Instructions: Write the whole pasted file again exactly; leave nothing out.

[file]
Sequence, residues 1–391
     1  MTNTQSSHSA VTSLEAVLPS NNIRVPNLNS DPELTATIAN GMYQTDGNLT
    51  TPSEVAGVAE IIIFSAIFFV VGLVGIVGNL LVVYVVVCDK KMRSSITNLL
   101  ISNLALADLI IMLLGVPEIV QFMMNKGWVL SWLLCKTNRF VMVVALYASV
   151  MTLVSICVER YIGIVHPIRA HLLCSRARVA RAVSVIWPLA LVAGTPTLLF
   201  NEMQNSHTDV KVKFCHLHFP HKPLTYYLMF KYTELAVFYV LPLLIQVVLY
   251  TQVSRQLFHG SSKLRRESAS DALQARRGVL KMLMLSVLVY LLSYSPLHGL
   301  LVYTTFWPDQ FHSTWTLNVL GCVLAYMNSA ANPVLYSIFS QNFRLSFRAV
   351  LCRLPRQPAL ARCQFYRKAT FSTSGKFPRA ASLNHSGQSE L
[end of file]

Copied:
Sequence, residues 1–391
     1  MTNTQSSHSA VTSLEAVLPS NNIRVPNLNS DPELTATIAN GMYQTDGNLT
    51  TPSEVAGVAE IIIFSAIFFV VGLVGIVGNL LVVYVVVCDK KMRSSITNLL
   101  ISNLALADLI IMLLGVPEIV QFMMNKGWVL SWLLCKTNRF VMVVALYASV
   151  MTLVSICVER YIGIVHPIRA HLLCSRARVA RAVSVIWPLA LVAGTPTLLF
   201  NEMQNSHTDV KVKFCHLHFP HKPLTYYLMF KYTELAVFYV LPLLIQVVLY
   251  TQVSRQLFHG SSKLRRESAS DALQARRGVL KMLMLSVLVY LLSYSPLHGL
   301  LVYTTFWPDQ FHSTWTLNVL GCVLAYMNSA ANPVLYSIFS QNFRLSFRAV
   351  LCRLPRQPAL ARCQFYRKAT FSTSGKFPRA ASLNHSGQSE L